Pirates and Privateers from the Age of Sail


Born Edward Teach, England 1680. Blackbeard operated as a pirate from 1714 to 1718 off the North American East Coast. Even though Blackbeard was of an impressive stature, he was said to have stuck smoldering fuses under his hat and in his beard to give himself an even more maniacal and menacing appearance. He was killed in a bloody boarding action by the British Royal Navy on November 22, 1718 off the coast of North Carolina. Blackbeard was arguably one of the most infamous and most feared pirates of all times, not necessarily the most successful.

More about his ship, the Queen Anne's Revenge


Henry Morgan:

One of the most successful privateers for the English crown in the 17th century. Henry Morgan (1635 - 1688) is probably most famous for the sack of Panama in 1670, which was considered Spain's political and economic capital in the Americas. A prime example of the difference between privateering and pirating, at the age of 45 'Sir Henry Morgan' became the acting governor of Jamaica.


Jean Lafitte:

Born in Southwest France, Jean Lafitte (c.1780-c.1826) became a popular Louisiana privateer preying on Spanish shipping in the Gulf of Mexico from his base at the mouth of the Mississippi (Barataria Bay, near New Orleans).

Image of pirate schooner

His name was legend even in his day. He was given full pardon for past regressions by the US President for help provided to the US army before and during the Battle of New Orleans (1815) at the end of the War of 1812.


Piet Hein:

Born in Delfshaven Netherlands, Pieter Pieterszoon Heyn (1577-1629) became a Vice-Admiral in the service of the Dutch West India Company in 1623. One of the three main activities of the GWC was privateering in the West-Indies. In 1628 Piet Hein, promoted to Admiral, commanded a large privateering fleet of 31 ships and 4,000 men on his third voyage to the West Indies. On the 8th of September 1628 they spotted a large Spanish Silver fleet of 12 ships sailing from Mexico. Eleven ships were subsequently captured in the bay of Matanzas, 10 miles east of Havana. The Dutch privateers only lost 150 men.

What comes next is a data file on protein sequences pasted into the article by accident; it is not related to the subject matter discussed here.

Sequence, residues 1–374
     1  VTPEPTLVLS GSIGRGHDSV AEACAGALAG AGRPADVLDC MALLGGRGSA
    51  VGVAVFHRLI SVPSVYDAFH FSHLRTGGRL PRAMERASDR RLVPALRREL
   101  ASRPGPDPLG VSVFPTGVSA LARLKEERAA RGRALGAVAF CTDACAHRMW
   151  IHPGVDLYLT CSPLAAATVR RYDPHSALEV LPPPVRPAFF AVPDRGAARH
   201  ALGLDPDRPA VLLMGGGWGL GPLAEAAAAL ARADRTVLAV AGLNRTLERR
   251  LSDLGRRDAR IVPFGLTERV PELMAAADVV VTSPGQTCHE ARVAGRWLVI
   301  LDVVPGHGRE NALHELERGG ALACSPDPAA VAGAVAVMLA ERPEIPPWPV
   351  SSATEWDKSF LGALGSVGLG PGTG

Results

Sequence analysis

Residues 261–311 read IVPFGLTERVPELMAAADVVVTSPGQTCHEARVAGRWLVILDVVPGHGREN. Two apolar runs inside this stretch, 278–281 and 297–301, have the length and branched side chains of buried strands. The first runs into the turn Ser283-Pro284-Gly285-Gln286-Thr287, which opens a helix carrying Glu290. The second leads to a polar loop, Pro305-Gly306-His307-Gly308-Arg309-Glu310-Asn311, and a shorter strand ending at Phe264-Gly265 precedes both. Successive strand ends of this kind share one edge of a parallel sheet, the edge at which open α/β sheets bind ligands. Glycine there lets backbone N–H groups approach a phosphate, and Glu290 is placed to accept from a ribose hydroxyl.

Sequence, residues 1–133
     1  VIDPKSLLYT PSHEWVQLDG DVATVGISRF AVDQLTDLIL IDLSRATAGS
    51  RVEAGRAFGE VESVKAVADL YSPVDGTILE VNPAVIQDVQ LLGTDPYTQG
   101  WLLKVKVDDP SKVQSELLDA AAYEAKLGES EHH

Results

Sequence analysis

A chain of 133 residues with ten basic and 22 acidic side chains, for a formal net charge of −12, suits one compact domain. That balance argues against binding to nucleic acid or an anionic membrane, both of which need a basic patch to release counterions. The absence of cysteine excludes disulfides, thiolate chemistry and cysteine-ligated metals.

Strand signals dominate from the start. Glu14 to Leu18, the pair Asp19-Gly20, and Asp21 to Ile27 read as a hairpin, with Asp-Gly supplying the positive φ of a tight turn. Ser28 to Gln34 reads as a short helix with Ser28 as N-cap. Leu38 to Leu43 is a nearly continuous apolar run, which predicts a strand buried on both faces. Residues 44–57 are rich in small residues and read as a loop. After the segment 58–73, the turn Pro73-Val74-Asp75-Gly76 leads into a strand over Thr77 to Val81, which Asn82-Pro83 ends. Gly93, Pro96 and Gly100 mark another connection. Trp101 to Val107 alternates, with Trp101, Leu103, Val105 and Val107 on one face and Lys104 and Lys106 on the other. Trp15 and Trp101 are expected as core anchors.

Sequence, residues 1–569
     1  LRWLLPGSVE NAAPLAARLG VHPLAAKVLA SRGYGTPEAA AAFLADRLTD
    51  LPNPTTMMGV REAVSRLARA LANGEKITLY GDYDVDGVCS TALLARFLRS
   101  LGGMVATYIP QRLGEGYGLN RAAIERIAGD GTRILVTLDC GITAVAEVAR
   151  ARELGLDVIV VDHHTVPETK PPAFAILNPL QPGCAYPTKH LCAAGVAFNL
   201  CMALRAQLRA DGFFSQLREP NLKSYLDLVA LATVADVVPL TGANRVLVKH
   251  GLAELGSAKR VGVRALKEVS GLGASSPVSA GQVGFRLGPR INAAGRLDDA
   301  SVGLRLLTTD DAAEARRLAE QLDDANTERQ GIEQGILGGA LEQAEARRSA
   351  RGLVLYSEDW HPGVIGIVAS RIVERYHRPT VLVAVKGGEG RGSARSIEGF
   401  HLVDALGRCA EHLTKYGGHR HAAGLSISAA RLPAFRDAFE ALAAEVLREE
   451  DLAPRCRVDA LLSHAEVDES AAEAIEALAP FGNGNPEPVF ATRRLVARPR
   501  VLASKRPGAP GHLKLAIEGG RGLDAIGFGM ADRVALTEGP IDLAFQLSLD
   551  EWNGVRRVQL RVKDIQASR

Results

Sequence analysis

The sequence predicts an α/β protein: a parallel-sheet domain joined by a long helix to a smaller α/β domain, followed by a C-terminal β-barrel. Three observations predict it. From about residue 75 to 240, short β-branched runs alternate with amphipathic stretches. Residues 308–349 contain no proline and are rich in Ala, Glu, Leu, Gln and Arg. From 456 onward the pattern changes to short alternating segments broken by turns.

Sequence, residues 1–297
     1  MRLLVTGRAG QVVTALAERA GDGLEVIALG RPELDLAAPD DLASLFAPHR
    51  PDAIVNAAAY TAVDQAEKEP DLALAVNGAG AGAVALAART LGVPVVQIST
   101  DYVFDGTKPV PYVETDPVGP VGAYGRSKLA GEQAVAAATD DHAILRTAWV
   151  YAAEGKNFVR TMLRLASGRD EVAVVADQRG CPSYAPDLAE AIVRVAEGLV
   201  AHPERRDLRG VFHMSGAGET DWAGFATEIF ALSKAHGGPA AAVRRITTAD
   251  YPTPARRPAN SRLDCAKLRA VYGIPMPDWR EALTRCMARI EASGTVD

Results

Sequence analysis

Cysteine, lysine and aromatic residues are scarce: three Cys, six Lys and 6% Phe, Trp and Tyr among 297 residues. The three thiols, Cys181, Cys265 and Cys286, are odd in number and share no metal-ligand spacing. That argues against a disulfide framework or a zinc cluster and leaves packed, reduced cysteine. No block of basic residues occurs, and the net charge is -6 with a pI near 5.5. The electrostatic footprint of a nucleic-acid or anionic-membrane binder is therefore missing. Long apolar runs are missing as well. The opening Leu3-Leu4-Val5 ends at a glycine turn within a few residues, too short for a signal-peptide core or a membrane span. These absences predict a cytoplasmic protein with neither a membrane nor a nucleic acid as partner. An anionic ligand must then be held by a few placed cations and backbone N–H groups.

Piet Heyn's fleet at work

The loot of the captured Silver fleet was estimated to be worth 12 million guilders. Stockholders of the West India Company made anywhere from 50% to 75% profit on their investment that year. Considered a national hero in the Netherlands, a popular song was written about how his name was short but his deeds were great:

Piet Heyn, Piet Heyn, (original spelling - Heyn, now Hein)
Piet Heyn zijn naam is klein, (his name is small)
Zijn daden benne groot, (his deeds are great)
Zijn daden benne groot,
Hij heeft gewonnen de Zilvervloot. (he has won the Silver Fleet)
Hij heeft gewonnen, gewonnen de Zilvervloot,
Hij heeft gewonnen de Zilvervloot.


William Kidd:

Scottish-born William Kidd had operated as a pirate in the caribbean years before he requested and received an English letter of marque and set off on his privateering quest in 1696. He sailed on the Adventure Galley on April 6th and left for New York, where he had briefly settled after his Caribbean adventure, to recruit more crew. He then sailed for the Indian Ocean and after several conflicts with the Dutch, Portuguese and English East India Company he captured several ships, among them the Rupparell and Quedah Merchant, the latter being a very rich prize of 200,000 rupees. The Adventure Galley by now was in serious disrepair and sank off Madagascar in 1698. Kidd returned to the Americas on the Quedah Merchant which he renamed Adventure Prize and was captured by the British near Boston, sent back to England on the frigate Advice and hung as a pirate on May 23th, 1701. Hung twice, to be correct, since the rope broke the first time around.

More about his ship, the Adventure Galley


Skull and Bones

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